STAPLETON — For $1,500, Staten Islanders can rent a 538-square-foot studio apartment with access to an urban farm, apiary, pool and two-story gym.
Urby Staten Island, at 8 Navy Pier Court on Stapleton's waterfront started leasing its 571-units this summer.
So far, the building has had 70 people move in and 100 other tenants sign up, according to Laurayne Croke, managing director for the project.
The first phase of the $150 million LEED-certified complex, built by New Jersey-based Ironstate Development, has a mix of studios, one and two-bedrooms in two buildings.
"The culture is just communal spaces, getting people together, urban farms. It's not pretentious. it's about convenience, having fun," Greg Russo, principal of Ironstate, previously told DNAinfo New York.
"We're really focused on the young people that are fleeing the borough because there aren't any real cool housing options available."
Prices for studio start at $1,500, one-bedrooms at $1,933 and two-bedrooms at $2,507.
Residents get use of a pool, a two-story gym, playground, bike parking, the ability to rent an electronic-assisted bicycle and a communal kitchen with workshops hosted by chef-in-residence Brendan Costello.
The development also has a 5,000 square-foot urban farm run by farmer-in-residence Zaro Bates, a roof-top apiary, a Bodega shop in the lobby with organic produce and Staten Island's first outpost of the coffee-chain Coffeed.
The Coffeed shop and Bodega will also be open to the public — along with the newly opened waterfront park adjacent to the development — and the site will have a public farmer's market with produce grown at the spot every Saturday.
Coffeed and the pool expects to open in about two weeks when the second building gets its Certificate of Occupation, Croke said.
Despite the higher prices, some residents were thrilled at the new housing stock and shops Urby brought to the neighborhood.
"We waited so long for more residential offerings, we’re just happy that things are moving along in Stapleton," said Kamillah Hanks, a lifelong Stapleton resident and president and CEO of the Historic Tappen Park Community Partnership.
"My mother just came to visit from Pennsylvania and she's thinking about moving here, and she hates Staten Island."
Hanks said Ironstate has engaged the local community in the project and new residents have already started to spend money at restaurants in the neighborhood.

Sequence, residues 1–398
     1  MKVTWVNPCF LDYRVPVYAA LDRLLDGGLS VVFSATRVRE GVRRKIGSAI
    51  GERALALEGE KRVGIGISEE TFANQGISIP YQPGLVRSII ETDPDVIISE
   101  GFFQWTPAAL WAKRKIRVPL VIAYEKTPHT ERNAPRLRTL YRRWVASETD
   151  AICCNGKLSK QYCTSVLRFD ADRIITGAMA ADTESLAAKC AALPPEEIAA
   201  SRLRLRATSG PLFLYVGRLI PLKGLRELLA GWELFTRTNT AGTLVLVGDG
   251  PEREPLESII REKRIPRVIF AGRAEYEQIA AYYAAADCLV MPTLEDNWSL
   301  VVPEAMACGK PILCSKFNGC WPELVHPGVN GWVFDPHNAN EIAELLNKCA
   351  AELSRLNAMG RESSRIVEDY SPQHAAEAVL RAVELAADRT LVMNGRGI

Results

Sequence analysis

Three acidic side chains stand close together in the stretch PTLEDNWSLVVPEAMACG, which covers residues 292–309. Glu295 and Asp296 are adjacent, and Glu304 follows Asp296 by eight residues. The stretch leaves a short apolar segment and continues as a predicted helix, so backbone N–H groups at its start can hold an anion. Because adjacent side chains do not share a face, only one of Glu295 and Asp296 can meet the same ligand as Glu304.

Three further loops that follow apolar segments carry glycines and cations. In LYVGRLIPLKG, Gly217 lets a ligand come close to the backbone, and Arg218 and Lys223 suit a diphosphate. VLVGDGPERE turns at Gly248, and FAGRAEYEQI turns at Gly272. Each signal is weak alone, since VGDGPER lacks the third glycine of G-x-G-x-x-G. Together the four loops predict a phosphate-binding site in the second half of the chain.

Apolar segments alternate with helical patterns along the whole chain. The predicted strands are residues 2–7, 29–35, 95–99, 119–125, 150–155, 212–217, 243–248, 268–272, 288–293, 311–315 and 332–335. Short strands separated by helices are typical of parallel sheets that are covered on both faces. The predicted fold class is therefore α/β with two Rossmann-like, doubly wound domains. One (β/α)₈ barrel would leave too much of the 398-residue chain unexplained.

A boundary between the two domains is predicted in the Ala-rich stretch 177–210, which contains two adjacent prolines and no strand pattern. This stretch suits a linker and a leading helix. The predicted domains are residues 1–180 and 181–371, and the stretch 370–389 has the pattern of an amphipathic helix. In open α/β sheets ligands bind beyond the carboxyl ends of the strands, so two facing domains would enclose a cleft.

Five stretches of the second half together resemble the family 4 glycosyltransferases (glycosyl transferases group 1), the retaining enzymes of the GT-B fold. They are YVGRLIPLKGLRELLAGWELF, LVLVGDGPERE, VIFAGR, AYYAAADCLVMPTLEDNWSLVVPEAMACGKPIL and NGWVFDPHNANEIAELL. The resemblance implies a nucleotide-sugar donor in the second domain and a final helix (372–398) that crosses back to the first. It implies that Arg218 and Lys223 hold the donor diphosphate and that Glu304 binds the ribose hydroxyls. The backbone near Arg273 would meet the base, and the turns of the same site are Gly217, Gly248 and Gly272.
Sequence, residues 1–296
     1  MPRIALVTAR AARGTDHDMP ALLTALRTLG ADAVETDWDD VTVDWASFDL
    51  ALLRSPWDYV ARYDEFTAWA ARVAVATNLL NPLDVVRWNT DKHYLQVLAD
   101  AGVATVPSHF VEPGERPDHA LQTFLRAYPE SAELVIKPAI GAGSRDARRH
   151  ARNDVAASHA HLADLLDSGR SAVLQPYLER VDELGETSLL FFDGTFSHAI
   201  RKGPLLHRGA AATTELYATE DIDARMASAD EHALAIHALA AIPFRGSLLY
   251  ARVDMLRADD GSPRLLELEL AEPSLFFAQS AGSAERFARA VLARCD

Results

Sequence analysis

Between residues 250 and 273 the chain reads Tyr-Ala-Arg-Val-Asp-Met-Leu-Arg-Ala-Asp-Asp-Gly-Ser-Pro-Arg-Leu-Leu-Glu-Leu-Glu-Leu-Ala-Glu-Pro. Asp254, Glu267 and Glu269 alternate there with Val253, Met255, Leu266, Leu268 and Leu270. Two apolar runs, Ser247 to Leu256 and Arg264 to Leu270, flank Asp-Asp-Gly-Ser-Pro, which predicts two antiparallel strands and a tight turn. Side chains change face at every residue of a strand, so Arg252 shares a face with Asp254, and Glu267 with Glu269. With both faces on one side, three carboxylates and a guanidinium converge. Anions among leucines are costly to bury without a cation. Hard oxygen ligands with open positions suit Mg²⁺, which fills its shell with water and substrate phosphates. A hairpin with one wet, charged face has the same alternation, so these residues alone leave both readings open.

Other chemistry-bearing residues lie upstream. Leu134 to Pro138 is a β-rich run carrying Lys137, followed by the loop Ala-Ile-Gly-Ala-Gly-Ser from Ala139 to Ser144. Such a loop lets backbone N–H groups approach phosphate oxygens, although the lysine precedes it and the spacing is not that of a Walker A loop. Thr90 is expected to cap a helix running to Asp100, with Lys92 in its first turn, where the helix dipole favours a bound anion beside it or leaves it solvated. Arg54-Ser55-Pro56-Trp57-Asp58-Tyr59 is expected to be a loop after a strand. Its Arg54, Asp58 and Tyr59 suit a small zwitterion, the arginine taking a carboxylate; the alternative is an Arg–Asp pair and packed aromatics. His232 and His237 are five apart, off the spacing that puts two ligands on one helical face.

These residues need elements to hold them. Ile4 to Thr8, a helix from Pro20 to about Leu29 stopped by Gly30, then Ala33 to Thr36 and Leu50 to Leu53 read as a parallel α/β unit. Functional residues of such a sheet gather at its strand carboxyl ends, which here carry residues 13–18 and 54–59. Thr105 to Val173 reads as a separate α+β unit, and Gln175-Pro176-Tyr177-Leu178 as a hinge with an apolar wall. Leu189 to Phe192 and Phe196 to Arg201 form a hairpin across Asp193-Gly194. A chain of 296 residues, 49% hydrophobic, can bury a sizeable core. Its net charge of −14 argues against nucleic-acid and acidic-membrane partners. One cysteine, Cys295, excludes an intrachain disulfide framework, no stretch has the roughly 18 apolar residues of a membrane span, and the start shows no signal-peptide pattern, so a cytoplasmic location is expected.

"It's just about time that we're starting to see our waterfront be developed like we know it should," Hanks said.
However, other residents were less positive and thought it divided the neighborhood into two sections.
"The city is creating two different Stapletons," said Ed Polio, owner of 5050 Skatepark across the street from Urby, echoing concerns brought up at a recent community board meeting.
"There’s the Stapleton that I live in towards Bay Street and then there's the Stapleton on the other side of the [Staten Island Railway] tracks."
Polio, who lives down the block from his skatepark, said the divide is shown at the Coffeed location. The spot has ample public seating and free WiFi, but also an upstairs "VIP" location for residents of Urby itself.
He also worries Urby's high rents will drive up prices around the neighborhood and force out working-class people — like his artist and mailman neighbors — from living in Stapleton.
"They're setting the tone for the rest of the neighborhood," said Polio, who worries the rent at his business will increase and force him to close the city's only indoor skatepark.
"I think it's going to ruin the rates for the area."
Ironstate Development head David Barry defended the pricing of Urby and doesn't think the criticisms are valid.
"If you compare [these rents] to 30-year-old junk projects in the middle of Staten Island, they're going to be high," Barry told Gothamist. "I think that you have to look at this as a metro area issue.
"To take an emotionally-charged argument and say, 'Oh well, this is too expensive for Staten Island, I've been in Staten Island for 40 years and, gosh, I don't approve of, you know, $2,000 apartments,' I just don't think it's a valid logic stream," Barry told the website.
The project, designed by Dutch-firm Concrete, first broke ground in 2013, a decade after the city first started looking for developers.
The development also had 30,000 square-feet that will eventually include a location of olive oil shop Carter and Cavero, Coney Island boutique Lola Star and a new restaurant from the owners of Brooklyn's The Pearl Room.